If you do decide to apply for judicial review, you must act “promptly” and in any event, you must start your case within 3 months of the decision that you want to challenge. Depending on your circumstances, there may be legal aid available.
If you want to understand more about what judicial review is, Public Law Project has a series of more general introductory guides available to download here.
The police, Crown Prosecution Service and any criminal court will have a complaints procedure. We focus mainly on the police complaint system in this guide but time limits for complaining against the CPS and the basic procedure are set out further below.
What is a police complaint?
All police forces have a complaints procedure. This is the formal process through which you can register your discontent about how you have been treated and ask for changes to be made by the police force.
Complaints against the police normally fall into one of two categories:
- Complaints against one or more police officers
- Complaints about how the force operates
However, often these two types of complaint can go hand in hand.
What are the benefits of lodging a police complaint?
- The investigation of your complaint may help the force understand better your needs and the situation of other disabled people facing similar barriers;
- You may gain an understanding of why things happened the way they did, even if you still do not agree with decisions that were taken;
- Your complaint will be a matter of public record, which will also be reflected in the police complaint statistics
- If you think that a police officer should face disciplinary or criminal action, the police complaint system is the most practical option available to you for seeking this.
What are the drawbacks of lodging a police complaint?
- The rate of police complaints that are upheld by the local police force is low;
- The quality of investigation reports can be very poor;
- If your complaint – for example about disability discrimination – is not handled appropriately, you could be left feeling even more frustrated and that the process was pointless.
How long do I have to make a complaint?
You should make a complaint as soon as possible if there are no ongoing criminal proceedings and within 12 months of the conduct you want to complain about.
If there are ongoing criminal proceedings and you are a witness, it may be better for you to make your full complaint after the criminal case has been brought to a conclusion.
In those circumstances, you could write to the police force stating your intention to complain once the criminal case is concluded, say that you do not wish to “prejudice the criminal case” and ask for confirmation that they will accept your detailed complaint at later date.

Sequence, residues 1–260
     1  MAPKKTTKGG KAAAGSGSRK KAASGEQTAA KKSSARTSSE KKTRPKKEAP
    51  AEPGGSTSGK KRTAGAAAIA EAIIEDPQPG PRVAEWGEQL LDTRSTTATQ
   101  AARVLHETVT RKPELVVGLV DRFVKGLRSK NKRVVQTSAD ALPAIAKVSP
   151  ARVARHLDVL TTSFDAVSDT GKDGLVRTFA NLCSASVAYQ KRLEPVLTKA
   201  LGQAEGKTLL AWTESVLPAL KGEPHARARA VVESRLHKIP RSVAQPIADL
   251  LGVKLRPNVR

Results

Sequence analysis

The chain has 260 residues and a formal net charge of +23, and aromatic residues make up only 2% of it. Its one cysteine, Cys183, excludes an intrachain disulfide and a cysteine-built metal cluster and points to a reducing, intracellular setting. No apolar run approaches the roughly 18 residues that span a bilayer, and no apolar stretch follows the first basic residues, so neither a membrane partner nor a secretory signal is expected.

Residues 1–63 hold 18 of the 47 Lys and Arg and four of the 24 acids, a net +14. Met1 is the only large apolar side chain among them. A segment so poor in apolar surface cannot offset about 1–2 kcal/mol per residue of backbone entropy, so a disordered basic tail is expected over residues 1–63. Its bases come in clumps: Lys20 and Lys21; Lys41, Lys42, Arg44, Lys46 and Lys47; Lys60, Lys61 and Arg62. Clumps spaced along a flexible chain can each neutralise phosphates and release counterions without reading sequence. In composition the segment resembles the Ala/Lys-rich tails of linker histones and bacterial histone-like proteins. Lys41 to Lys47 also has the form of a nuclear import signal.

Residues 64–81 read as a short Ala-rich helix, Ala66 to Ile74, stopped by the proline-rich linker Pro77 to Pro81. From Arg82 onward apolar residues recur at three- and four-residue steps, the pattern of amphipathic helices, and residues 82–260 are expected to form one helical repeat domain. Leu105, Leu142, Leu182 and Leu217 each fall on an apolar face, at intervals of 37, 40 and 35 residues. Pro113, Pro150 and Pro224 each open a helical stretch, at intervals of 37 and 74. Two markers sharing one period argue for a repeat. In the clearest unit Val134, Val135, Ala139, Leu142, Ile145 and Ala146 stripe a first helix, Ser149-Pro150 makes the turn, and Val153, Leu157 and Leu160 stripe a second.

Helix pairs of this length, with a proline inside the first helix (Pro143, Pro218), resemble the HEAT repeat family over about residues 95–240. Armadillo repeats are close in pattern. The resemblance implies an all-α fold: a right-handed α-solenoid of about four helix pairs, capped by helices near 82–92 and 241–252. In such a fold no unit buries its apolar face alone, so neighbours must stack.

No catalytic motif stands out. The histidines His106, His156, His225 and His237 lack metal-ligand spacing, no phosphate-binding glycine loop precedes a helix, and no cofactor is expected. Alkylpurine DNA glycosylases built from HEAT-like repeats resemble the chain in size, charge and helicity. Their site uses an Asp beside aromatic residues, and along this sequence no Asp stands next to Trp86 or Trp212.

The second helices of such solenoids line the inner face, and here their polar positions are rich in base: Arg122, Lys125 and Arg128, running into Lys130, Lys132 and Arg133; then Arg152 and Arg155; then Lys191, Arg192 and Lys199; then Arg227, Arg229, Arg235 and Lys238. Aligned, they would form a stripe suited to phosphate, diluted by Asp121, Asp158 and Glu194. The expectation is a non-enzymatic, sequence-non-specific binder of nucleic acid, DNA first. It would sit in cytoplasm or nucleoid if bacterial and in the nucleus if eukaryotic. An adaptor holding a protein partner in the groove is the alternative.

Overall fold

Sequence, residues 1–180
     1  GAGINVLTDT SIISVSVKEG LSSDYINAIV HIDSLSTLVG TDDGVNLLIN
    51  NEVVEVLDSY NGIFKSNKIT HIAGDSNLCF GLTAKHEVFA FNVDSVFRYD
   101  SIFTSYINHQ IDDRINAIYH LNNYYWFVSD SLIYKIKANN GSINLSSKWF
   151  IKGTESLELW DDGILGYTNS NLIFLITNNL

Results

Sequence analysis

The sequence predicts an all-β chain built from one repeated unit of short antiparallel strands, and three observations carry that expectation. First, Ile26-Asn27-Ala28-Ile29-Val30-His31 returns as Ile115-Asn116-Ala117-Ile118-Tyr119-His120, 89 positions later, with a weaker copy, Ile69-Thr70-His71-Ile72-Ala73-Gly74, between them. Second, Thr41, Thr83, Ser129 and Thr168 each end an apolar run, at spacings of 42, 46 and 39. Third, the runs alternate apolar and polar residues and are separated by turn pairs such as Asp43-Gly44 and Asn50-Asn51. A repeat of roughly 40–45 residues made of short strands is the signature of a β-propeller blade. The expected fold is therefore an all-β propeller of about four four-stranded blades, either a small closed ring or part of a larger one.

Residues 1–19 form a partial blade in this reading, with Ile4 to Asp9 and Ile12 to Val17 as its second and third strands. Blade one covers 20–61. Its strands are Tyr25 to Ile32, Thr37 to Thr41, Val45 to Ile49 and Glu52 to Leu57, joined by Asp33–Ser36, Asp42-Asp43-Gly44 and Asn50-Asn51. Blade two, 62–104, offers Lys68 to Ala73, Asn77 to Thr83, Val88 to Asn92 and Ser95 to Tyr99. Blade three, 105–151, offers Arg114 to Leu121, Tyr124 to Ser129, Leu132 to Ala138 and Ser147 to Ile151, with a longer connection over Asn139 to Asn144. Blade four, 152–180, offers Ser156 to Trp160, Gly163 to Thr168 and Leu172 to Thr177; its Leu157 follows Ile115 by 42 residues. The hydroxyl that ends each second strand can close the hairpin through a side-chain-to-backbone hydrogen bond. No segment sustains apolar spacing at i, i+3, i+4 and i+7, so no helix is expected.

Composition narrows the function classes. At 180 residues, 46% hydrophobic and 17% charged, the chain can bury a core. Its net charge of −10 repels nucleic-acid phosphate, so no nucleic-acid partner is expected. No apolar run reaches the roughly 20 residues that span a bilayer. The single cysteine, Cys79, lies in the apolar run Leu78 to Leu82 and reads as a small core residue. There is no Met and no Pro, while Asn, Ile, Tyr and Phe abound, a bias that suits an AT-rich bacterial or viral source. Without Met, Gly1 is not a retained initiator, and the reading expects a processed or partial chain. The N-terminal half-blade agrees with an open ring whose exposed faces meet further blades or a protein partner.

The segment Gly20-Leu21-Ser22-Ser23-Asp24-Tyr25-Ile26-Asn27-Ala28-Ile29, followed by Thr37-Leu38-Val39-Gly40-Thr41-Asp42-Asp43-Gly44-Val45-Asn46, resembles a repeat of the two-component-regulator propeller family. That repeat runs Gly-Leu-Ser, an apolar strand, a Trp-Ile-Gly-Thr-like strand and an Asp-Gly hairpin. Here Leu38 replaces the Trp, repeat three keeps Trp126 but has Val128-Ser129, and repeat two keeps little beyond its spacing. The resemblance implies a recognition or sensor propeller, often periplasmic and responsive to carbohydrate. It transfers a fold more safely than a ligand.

How to make a complaint
There are 2 main ways you can make a complaint.
- Using the forces online complaints form
- Writing a letter of complaint to the police force.
If you decide that you would rather write your own letter of complaint, you should make sure to include the following information:
- Your full name and address
- The name of the police force you wish to be subject to the investigation
- Details of the allegations and complaints you are making.
- If you are think you have been discriminated against, you should that clear remind the force that your complaint should be dealt with in accordance with the Police Complaints Discrimination Guidelines (see further below)
- Details of the outcome you are seeking;
- Details of why you feel the police have acted inappropriately and what you would have expected them to have done differently.
- Whether you are happy for the complaint to be investigated locally or by the Independent Office of Police Complaints (“IOPC”).
If you think you have been discriminated against, you should make sure to include the following information in your complaint:
- Describe what it was that made you believe that an officer’s words or actions were discriminatory;
- Did you notice any difference in the way you were treated compared to other people?
- Was the police station accessible to you and if not, were adjustments made for your needs?
- Was there anything about the police officer’s language that you noticed?
- Describe the impact did this experience had on you
- Give details of anyone else who might have witnessed the incident and any comments or reactions they expressed to you since.
The Discrimination Guidelines
The Police Complaint Discrimination Guidelines set out how police forces should approach investigating allegations of discrimination. Although these guidelines are not written for complainants, they can be a useful resource because they indicate how your complaint should be investigated and what steps should be taken. They may help you to structure your complaint letter and to spell out what you are alleging.
We have created three types of template letters to assist you in writing you letter of complaint.
- Complaint if the police are not making reasonable adjustments
- If you have had interactions with the police and they have not made the necessary reasonable adjustments to facilitate your experience, you can make a police complaint.
- For example, police stations are often in old buildings that have not been fitted with access requirements. This is unacceptable and you have the right to move through the building as others would. For example, if you are obstructed from entering the building or rooms within this building, you can make a complaint against the police force.
- Complaint if the police response to hate crime was not satisfactory:
- A failure to recognise or take seriously an act of discrimination can be further discrimination in and of itself.
- Complaint if you have been discriminated against by the police
- If you think you have been discriminated against in any other way as a disabled person by a member of the police force, you can lodge a letter of complaint.
The complaints process